Random Analytics: H7N9 Infographics (to 8 May 2013)
by Shane Granger
***** Please note that the infographics/charts of the Avian Influenza A(H7N9) virus presented were updated with public source information to 0001hrs 9 May 2013 CET/EST *****
In the past 48-hours of reporting there has been one new case of H7N9 and one retrospective fatality. This brings the total for China to 131-cases including 32-deaths and Taiwan to 1-case without loss of life. Note that all totals include asymptomatic cases.
To date 24.2% of all known cases have been fatal. For context the Case Fatality Rate of SARS was 10.9%.
The Ministry of Health also confirmed that to 6 May there were 42 discharges. That keeps the recovered total to 42 (31.8%) and asymptomatic cases at one (0.8%).
The most recent fatality (with details) reported by the Chinese media was on the 3rd May 2013 via Xinhua.
Economic Impacts of H7N9: Direct Costs and The Poultry Industry
According to the World Bank, China’s Gross Domestic Product hit $7.318-trillion USD in 2011, making it the second largest economy on the globe. Back in 1982 China had a GDP of $203-million, a mere 1/36th of its current size, thus an economy that has doubled in size more than six times.
Last year China’s economy grew by 7.9%, the weakest result since 1999 and below expectations.
The first quarter of this year was expected to see growth rates return to 8% or greater. This would be driven by internal consumer consumption over exports. However the first quarter of 2013 disappointed with GDP growing by 7.7%, again under expectations.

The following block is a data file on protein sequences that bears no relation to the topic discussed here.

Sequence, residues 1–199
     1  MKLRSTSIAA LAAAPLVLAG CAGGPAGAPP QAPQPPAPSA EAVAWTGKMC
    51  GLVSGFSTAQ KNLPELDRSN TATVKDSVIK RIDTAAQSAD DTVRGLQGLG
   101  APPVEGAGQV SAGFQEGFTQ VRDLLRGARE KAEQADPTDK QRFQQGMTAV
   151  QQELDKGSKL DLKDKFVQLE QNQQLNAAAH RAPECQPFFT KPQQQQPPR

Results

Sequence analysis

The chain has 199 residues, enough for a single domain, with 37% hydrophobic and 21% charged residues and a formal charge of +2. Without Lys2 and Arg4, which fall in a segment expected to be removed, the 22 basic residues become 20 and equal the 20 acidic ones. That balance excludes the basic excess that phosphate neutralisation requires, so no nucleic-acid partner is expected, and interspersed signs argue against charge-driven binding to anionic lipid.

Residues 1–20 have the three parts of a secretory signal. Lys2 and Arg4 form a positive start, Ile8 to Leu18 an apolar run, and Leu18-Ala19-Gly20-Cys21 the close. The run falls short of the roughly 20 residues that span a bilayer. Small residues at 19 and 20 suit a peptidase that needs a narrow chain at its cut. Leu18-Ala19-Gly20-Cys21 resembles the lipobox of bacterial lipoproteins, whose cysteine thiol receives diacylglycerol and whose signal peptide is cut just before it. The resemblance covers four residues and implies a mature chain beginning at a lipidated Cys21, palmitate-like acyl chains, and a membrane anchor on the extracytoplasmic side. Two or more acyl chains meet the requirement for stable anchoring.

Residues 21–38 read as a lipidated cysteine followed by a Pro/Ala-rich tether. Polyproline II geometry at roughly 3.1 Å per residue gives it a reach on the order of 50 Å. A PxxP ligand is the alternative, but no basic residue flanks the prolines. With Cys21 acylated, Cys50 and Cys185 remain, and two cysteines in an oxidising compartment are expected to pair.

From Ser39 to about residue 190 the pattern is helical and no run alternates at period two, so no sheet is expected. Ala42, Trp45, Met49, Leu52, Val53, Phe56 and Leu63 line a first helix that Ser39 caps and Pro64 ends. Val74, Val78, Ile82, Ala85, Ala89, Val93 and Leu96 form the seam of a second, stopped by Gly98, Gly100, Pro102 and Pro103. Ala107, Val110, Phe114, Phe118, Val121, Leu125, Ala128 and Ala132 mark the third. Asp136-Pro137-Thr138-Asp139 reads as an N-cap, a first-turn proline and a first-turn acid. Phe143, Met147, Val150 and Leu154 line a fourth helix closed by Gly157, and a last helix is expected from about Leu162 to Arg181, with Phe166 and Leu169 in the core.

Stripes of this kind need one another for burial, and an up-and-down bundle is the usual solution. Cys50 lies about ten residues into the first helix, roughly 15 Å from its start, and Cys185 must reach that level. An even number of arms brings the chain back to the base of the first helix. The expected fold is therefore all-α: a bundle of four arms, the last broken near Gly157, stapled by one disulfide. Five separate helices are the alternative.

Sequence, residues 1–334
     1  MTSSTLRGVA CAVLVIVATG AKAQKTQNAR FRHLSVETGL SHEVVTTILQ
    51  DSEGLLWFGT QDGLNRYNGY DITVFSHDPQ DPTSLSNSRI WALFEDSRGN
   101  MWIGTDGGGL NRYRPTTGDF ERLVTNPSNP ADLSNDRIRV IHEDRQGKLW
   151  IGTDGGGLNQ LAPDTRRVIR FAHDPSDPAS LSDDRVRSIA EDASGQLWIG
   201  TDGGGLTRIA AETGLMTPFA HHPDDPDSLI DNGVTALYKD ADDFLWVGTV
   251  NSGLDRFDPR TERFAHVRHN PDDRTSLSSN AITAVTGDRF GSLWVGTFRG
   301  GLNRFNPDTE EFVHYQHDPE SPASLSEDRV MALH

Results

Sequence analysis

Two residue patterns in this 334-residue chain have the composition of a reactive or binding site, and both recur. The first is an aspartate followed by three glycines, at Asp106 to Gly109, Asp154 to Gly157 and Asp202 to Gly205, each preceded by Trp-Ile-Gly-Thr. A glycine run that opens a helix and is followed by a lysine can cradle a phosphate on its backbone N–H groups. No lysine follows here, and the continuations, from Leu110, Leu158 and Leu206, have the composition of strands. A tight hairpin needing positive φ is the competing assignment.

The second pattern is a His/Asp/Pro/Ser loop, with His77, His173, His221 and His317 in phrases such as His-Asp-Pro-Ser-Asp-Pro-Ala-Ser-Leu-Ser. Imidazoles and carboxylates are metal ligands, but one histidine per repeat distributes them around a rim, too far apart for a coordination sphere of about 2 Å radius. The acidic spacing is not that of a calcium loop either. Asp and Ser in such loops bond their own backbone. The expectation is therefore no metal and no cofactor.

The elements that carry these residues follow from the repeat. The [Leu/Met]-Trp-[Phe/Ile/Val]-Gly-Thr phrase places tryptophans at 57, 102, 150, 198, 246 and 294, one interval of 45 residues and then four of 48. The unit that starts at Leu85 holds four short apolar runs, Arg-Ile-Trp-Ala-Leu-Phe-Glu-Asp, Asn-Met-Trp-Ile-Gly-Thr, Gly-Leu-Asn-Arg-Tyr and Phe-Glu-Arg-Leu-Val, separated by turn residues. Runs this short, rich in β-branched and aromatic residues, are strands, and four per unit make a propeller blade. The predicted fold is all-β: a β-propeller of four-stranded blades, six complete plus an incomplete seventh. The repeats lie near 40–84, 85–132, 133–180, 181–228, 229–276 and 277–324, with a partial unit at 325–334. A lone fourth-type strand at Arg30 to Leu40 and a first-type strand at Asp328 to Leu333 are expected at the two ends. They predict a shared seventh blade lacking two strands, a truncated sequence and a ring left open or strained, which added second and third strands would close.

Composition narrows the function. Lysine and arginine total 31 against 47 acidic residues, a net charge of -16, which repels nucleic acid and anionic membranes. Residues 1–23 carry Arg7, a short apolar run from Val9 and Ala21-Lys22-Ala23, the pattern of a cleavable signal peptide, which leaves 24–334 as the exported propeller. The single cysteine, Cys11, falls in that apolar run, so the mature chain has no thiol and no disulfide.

Although the avian influenza A(H7N9) virus is not the reason the Chinese economy has been soft it is a contributing factor. Some considerations when considering direct costs:
- Effecting flu controls on the human and fowl populations such as the additional ¥303M ($48.6M USD) which was put up by the Chinese Ministry of Finance in late April;
- Subsidizing the poultry industry as it struggles with the outbreak, like the ¥90M ($14.6M) from the Beijing Municipal Bureau of Agriculture again in late April;
- Additional medical costs and insurance for regional populations costed to the Ministry of Finance, and;
- One of the biggest direct costs of the H7N9 outbreak is the loss suffered by the poultry industry. By mid-April that agriculture component stated that it has lost approximately ¥10Bn ($1.6Bn USD) as chicken consumption halved and chicken/egg prices collapsed.
If the figures are not overstated then the impact to the first and second quarter GDP figures would be at a cost of between 0.1 and 0.15% with a work-in-progress cost to the economy of between 0.2 – 0.3% over the calendar year. Although future poultry losses would not be of that magnitude (as the poultry industry ramps down production and concentrates on protecting its breeding stocks) that number will still likely increase to some degree over the coming months. The standalone poultry industry losses to mid-April alone could account for the 0.3% minimum underperformance of the Chinese economy.